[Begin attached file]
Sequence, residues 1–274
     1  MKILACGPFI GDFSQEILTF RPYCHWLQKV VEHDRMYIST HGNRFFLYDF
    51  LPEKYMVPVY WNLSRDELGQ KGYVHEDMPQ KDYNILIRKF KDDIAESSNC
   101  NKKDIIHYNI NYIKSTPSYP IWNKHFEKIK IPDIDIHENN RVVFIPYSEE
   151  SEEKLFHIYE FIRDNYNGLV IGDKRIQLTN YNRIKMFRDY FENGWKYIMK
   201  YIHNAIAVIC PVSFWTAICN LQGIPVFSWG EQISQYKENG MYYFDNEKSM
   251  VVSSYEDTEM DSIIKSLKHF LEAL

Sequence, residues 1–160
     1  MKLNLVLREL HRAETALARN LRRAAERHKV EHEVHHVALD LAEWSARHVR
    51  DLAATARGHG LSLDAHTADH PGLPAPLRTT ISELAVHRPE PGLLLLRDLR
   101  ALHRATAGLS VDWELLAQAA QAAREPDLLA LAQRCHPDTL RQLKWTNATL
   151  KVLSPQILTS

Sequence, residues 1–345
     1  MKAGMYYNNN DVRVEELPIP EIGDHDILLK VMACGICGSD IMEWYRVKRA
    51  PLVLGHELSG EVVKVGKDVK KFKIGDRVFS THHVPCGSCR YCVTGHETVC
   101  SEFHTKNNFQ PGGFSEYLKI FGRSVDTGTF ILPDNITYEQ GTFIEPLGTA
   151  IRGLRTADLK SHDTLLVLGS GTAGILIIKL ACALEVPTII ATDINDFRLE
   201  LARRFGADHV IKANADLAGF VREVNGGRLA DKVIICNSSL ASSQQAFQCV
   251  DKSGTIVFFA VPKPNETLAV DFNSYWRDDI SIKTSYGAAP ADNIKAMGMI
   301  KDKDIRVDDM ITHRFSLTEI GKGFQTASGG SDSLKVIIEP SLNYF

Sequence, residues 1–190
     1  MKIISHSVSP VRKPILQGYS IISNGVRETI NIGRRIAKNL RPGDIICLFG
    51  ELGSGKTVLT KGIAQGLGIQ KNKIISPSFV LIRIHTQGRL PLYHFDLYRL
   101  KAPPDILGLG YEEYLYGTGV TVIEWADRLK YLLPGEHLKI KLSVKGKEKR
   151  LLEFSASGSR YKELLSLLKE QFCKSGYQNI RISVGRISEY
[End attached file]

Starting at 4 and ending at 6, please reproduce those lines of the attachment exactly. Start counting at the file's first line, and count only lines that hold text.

   101  NKKDIIHYNI NYIKSTPSYP IWNKHFEKIK IPDIDIHENN RVVFIPYSEE
   151  SEEKLFHIYE FIRDNYNGLV IGDKRIQLTN YNRIKMFRDY FENGWKYIMK
   201  YIHNAIAVIC PVSFWTAICN LQGIPVFSWG EQISQYKENG MYYFDNEKSM